“Easy, son. We’ll all be in trouble with Teresa and Sam if you make yourself sick.” He shared an amused look with Scott.


Johnny noticed their exchange of glances and threw up his hands, glaring at them. “Eat. Don’t eat. Will you two make up your minds? And how come I just got this little bitty glass of milk?”


He held up the small milk-stained glass. “I want more. Sam said I could start eatin’ real food again.” He picked up the fork and resumed his assault on the bread, but with noticeably smaller portions.


“No more milk tonight, I’m afraid.” Murdoch sighed as Johnny’s head snapped up at that. The boy’s mouth was full so his eyes asked the question.


“Son, you haven’t had anything besides water and beef tea or broth in your belly for more than a week. The last thing we want is to rile your insides so that they work either too much or not enough—and that’s exactly what will happen if you eat too quickly or have too much of certain types of food.”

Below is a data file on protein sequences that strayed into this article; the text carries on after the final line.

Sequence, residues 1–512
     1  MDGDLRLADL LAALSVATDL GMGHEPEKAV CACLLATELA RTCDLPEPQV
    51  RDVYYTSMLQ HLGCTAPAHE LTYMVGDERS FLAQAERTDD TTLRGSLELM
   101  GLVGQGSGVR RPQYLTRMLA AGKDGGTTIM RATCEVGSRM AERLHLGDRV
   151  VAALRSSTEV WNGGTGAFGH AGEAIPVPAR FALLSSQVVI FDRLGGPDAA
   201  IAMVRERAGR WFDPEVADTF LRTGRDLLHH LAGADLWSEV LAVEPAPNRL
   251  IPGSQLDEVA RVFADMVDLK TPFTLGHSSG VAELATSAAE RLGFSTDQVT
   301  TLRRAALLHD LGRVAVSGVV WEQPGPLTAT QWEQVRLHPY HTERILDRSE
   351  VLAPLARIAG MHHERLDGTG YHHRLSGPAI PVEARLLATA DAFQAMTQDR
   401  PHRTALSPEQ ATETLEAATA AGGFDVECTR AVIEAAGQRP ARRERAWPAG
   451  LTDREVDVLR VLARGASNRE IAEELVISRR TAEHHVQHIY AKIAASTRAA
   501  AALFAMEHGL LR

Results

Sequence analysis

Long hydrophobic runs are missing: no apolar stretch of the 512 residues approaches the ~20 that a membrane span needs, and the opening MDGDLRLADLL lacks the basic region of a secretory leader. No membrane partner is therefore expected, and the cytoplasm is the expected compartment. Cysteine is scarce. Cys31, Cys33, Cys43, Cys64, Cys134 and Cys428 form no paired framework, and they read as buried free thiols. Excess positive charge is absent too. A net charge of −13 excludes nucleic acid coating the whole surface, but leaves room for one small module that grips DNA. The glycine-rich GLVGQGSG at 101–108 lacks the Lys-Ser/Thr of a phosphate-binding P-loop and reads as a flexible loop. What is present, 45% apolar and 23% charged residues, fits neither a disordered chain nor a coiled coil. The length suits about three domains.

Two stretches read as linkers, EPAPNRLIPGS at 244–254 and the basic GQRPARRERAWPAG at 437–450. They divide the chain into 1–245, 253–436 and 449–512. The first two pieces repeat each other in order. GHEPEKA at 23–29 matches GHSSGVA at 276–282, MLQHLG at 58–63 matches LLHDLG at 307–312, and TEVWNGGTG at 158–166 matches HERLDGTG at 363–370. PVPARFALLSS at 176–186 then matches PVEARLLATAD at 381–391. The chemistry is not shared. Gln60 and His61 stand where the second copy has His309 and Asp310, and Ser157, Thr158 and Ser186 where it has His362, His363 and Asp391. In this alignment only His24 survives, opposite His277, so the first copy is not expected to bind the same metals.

Johnny looked crestfallen. “Yeah, reckon you’re right.” He took a small bite of the bread, taking the time to chew it. Two pairs of eyes followed his every move and Johnny quickly grew uncomfortable with the scrutiny. He thought of a way to end it.


“Hey, Murdoch, tell Scott about them broodmares.”


Murdoch settled back in his chair. “Well, Lancer did have a breeding program at one time. We had two stallions—one Pardee shot and the other he stole. With the stallions gone, I had nothing to breed the mares to.” He paused as a wave of sadness washed over him.